The environmental cleanup program at Alameda Point, which has been going on for more than a decade, is in its final stages. Most of the issues have been addressed, and the contaminated sites have either been cleaned up or are on their way to being cleaned up.
Learn more by attending a special presentation at the upcoming Alameda Reuse and Redevelopment Authority (ARRA) meeting on November 2.
Peter Russell, Ph.D., a California registered engineer and a registered environmental assessor, will be making the presentation. He has been working as an advisor to the city on Alameda Point cleanup issues for over 10 years and has specialized training in environmental law, business management, and insurance/risk management. Dr. Russell will provide an overview of the environmental issues encountered at Alameda Point, clarify the roles of the Navy and the regulators in this work, and highlight the progress the Navy has made in completing the cleanup so that transfer to the ARRA can occur.
Dr. Russell’s November 2 status update will build upon the presentation given by the Navy and environmental regulatory agencies in May 2010. Three agencies provide quality assurance for the Alameda Point cleanup: the U.S. Environmental Protection Agency, the California Department of Toxic Substances Control, and the San Francisco Bay Regional Water Quality Control Board, a department of the California Environmental Protection Agency.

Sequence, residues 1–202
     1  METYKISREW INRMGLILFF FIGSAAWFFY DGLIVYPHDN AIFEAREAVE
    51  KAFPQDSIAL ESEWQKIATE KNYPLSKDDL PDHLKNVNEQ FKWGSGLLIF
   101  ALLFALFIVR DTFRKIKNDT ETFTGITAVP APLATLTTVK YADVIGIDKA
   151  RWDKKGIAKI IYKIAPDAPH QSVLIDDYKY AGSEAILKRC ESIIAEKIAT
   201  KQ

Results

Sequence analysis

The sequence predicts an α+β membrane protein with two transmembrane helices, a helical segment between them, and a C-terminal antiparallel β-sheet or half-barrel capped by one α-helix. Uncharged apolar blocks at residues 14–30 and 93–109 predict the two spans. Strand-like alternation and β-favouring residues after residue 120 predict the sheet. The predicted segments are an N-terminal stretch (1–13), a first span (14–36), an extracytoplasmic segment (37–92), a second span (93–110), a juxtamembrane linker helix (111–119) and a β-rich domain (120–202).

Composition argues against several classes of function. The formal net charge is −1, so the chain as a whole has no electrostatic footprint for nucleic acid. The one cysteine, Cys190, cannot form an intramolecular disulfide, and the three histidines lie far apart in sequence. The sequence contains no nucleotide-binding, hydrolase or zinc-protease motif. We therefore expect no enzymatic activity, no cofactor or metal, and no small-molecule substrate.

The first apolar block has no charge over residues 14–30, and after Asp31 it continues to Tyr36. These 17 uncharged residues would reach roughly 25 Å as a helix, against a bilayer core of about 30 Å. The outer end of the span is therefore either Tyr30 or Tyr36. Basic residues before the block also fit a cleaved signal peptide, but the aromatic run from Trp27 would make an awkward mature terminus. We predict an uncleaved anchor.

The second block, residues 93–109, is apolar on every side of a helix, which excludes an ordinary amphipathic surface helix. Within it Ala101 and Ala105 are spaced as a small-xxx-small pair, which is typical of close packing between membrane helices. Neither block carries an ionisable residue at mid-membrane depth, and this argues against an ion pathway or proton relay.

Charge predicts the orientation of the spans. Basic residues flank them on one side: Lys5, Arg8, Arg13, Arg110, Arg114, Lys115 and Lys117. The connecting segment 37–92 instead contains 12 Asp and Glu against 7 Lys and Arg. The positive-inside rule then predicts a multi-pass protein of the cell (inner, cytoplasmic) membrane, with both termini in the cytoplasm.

While some people believe we can never remediate the environmental damage our society has inflicted on the planet, technologies being used at Alameda Point—some old, some new—have proven effective. The process has been slow because it’s been thorough; sometimes years of testing are needed to identify a problem, and sometimes remediation just takes time. Jet fuel has been sucked out; sewer lines have been replaced; and soil, rocks and concrete have been hauled away, as well as old tanks, structures and stuff contaminated by radium paint waste. Toxics are being cleaned using heat, vapor recovery and chemical neutralizers. Some are being cleaned using nature’s own bacteria that is found in the ground.
Whether you’re a newcomer to the discussion or an old timer, be sure to tune-in to city hall at 7 p.m. on Wednesday, November 2 — via television, computer, podcast, or in person. Follow-up later too, as Dr. Russell will be giving easy-to-understand updates at future ARRA meetings.
“The city thinks it is important for the community to obtain accurate information about the significant progress being made by the Navy to clean Alameda Point up for predominantly unrestricted use,” says Jennifer Ott, the city’s chief operating officer for Alameda Point. “The November 2 ARRA meeting is a great opportunity for the community to learn more about this.”
Originally published in Alameda Sun.